Olympic Relay Analysis: World-Record Breakers Give American Women a Medley Relay Advantage (Composite Times Included)

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Gretchen Walsh -- Photo Courtesy: Peter H. Bick

Olympic Relay Analysis: World-Record Breakers Give American Women a Medley Relay Advantage

Three years ago at the Tokyo Olympics, the U.S. women were gunning for a relay win in their final chance, the 400 medley relay, but Cate Campbell out-swam American anchor Abbey Weitzeil to get to the wall 13-hundredths ahead and claim gold. In 2024, however, the race sets up that no one should be within striking distance of the United States by the time the freestylers enter the water.

That’s because the U.S. is set to deploy the world-record holders in the 100 backstroke, 100 breaststroke and 100 butterfly on the first three legs. The American men had the same advantage for a stretch two decades ago with Aaron PeirsolBrendan Hansen and Ian Crocker, and sure enough, no one could touch that group. Now, Regan SmithLilly King and Gretchen Walsh could give their team a similarly insurmountable lead in the final women’s race of the Paris Games.

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Regan Smith — Photo Courtesy: Peter H. Bick

At the U.S. Olympic Trials, Smith swam a time of 57.13 in the 100 back to lower the previous world record held by Australia’s Kaylee McKeown. It has been seven years since King, now 27, clocked 1:04.13 for the world mark in the 100 breast, but she remains among the world’s elite in the event, her time of 1:05.43 from U.S. Trials currently ranked fourth in the world.

On fly, the Americans will likely use Walsh, who clocked 55.18 in Indianapolis to break Sarah Sjostrom’s eight-year-old world record of 55.48. But should Walsh falter at her first Olympics, there is a more-than-adequate second option in Torri Huske, the 2022 world champion who exceeded her previous American record at Trials with a time of 55.52, moving to No. 3 all-time in the event. Finally, Kate Douglass is the likely anchor for this team, having clocked 52.56 to win the 100 free at Trials. Douglass also swam fast as 51.79 on a relay split in 2023.

Considering only times achieved thus far in 2024, the U.S. composite relay adds up to 3:50.30, under the existing world record of 3:50.40 set by Smith, King, Kelsi Dahlia and Simone Manuel in 2019. Add in relay exchanges, and the potential exists for the Americans to get under 3:50 for the first time.

Traditionally, the biggest challenger to the U.S. has been Australia, a team with extremely strong bookends in McKeown and Mollie O’Callaghan. McKeown has been as fast as 57.41 this year, just missing her existing world record of 57.33 at the Australian Trials, and by the time this relay rolls around on the last day of the Olympics, McKeown could have reclaimed the mark from Smith. O’Callaghan, meanwhile, is the two-time world champion in the 100 free and favorite to win Olympic gold in the event.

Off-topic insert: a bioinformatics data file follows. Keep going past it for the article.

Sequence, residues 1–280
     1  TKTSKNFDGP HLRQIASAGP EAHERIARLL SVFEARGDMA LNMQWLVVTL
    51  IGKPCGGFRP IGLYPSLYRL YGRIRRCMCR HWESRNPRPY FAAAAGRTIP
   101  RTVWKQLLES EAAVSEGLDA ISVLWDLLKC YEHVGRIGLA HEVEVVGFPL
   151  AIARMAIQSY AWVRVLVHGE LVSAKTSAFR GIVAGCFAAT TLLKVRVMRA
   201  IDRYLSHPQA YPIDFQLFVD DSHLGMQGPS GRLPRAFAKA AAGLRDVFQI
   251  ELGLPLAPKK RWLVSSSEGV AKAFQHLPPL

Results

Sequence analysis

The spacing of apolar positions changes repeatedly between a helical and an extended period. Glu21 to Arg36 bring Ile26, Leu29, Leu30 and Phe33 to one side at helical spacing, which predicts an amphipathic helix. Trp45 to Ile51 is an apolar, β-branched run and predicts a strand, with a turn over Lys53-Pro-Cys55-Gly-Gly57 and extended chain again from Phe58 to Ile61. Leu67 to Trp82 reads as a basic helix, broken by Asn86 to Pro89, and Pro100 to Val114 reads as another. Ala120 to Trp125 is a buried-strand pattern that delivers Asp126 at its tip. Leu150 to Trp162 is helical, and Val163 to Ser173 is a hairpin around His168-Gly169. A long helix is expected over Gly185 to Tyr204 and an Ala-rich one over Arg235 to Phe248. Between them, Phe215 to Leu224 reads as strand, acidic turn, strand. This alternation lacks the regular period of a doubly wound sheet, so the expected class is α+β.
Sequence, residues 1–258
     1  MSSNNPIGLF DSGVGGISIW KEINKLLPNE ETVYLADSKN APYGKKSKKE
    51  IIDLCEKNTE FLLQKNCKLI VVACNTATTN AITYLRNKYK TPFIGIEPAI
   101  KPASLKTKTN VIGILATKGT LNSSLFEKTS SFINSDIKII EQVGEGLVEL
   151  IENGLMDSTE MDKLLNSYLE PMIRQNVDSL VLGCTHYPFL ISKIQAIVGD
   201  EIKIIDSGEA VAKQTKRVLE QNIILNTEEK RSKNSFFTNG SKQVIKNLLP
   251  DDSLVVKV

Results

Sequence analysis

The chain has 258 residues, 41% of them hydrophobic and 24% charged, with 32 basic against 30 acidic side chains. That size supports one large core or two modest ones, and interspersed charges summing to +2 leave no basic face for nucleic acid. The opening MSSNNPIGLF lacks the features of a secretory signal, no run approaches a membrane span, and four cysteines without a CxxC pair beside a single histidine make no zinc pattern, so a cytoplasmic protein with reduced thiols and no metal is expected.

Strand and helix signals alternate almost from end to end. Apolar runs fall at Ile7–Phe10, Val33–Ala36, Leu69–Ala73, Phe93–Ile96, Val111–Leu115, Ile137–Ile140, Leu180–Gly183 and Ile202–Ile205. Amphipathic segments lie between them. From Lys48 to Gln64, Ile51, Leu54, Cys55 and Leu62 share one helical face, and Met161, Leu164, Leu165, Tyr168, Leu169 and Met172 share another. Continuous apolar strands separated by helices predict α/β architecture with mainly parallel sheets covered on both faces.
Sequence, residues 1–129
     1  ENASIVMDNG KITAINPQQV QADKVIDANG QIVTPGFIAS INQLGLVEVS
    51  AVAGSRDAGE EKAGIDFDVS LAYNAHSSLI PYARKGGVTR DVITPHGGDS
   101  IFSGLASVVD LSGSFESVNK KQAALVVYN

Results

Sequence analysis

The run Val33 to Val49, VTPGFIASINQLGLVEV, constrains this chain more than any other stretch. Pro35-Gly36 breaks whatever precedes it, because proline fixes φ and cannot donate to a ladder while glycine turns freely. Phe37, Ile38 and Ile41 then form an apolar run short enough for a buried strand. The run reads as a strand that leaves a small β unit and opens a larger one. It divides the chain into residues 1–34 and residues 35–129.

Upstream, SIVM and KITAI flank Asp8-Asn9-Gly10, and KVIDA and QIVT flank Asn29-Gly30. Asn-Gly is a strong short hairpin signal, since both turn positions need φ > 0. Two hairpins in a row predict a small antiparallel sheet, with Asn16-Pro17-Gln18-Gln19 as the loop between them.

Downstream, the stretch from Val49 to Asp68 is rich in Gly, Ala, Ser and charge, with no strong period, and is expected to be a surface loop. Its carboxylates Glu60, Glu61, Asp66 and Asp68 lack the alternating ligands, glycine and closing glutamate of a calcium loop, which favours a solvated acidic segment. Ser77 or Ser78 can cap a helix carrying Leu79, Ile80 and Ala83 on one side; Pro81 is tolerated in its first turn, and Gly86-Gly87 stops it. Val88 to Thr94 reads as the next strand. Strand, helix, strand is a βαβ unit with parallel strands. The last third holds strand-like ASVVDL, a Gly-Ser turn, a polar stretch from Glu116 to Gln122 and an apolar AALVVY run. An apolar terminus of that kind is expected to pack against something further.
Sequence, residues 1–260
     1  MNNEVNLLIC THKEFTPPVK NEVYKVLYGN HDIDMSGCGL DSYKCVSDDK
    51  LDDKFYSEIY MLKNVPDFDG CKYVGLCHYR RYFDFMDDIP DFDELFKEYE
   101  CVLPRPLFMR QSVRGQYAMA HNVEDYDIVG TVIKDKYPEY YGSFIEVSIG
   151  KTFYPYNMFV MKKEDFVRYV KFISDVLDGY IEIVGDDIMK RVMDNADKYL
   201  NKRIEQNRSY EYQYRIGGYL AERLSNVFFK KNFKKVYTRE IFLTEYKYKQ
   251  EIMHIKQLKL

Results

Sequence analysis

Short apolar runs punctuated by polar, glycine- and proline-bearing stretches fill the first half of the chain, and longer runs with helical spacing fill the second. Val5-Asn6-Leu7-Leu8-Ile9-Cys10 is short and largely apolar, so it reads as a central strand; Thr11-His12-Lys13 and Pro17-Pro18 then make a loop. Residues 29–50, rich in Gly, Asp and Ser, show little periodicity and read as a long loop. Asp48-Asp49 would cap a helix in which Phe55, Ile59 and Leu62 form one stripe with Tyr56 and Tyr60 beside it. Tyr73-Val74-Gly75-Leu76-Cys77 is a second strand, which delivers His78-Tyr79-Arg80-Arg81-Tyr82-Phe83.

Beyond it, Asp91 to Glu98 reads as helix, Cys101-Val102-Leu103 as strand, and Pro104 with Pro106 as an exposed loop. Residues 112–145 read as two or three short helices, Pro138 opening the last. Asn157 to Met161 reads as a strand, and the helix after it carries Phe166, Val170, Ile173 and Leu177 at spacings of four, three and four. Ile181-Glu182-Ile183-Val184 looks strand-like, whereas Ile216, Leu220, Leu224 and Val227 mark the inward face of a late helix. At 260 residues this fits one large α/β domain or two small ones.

Emma McKeon

Emma McKeon — Photo Courtesy: Wade Brennan (Wade’s Photos)

Emma McKeon, 30, is still a reliable relay swimmer and a strong butterfly leg for Australia, but breaststroke is the big concern for this team. In Tokyo, the main reason Australia managed to win gold was Chelsea Hodges swimming a full second quicker than her individual best time on the breaststroke leg. In Paris, Australia’s breaststroke options are Jenna Strauch and Ella Ramsay, both of whom swam 1:06.9 at Trials. Unless one of them makes a huge jump at the Olympics, that is a tough deficit to overcome.

On the contrary, China could jump the Aussies and move into silver-medal position because of the breaststroke leg. Tang Qianting is currently the favorite to win Olympic gold in the 100 breast after clocking 1:04.39 earlier this year, and China has reigning world champion Zhang Yufei set to swim butterfly. Yang Junxuan set a 100 freestyle national record of 52.68 earlier this year. But China could have a huge gap to make up on backstroke. Wan Letian is the country’s best option this year at 59.02, almost two seconds slower than Smith and McKeown.

Canada is the final medal contender, with Kylie Masse returning to the 57-club in the 100 backstroke at her country’s Trials earlier this year and defending Olympic gold medalist Maggie Mac Neil likely to handle butterfly. A sub-53 split on the anchor leg, where veteran Penny Oleksiak and teenage star Summer McIntosh are the top options, could allow Canada to steal a medal away from one of the favorites.

Here are the top composite relays based on 2024 times only:

United States: 57.13 + 1:05.43 + 55.18 + 52.56 = 3:50.30
China: 59.02 + 1:04.39 + 56.36 + 52.68 = 3:52.45
Australia: 57.41 + 1:06.90 + 56.58 + 52.33 = 3:53.22
Canada: 57.94 + 1:06.66 + 56.54 + 53.66 = 3:54.80

By day nine of the Olympics, expect each of these relays to feature swimmers who have captured individual medals in their respective 100-meter events. But if the Americans swim close to their times from Trials, they will be nearly impossible to beat, with a world record very much within reach.

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Kanga1
Kanga1
1 day ago

Obviously this one is the USA ‘ s to lose. Just like GB in the Men’s 4×200m Freestyle Relay and the Aussie girls in the corresponding event, they’d all have to be DQ’d to be beaten!

Verram
Verram
1 day ago

This relay is probably the easiest to predict and win for the Americans after the composite Trials times

James
James
1 day ago

This seems like an absolute slam dunk. USA had a good lead on Aus before Tokyo as well but this lead is way bigger.

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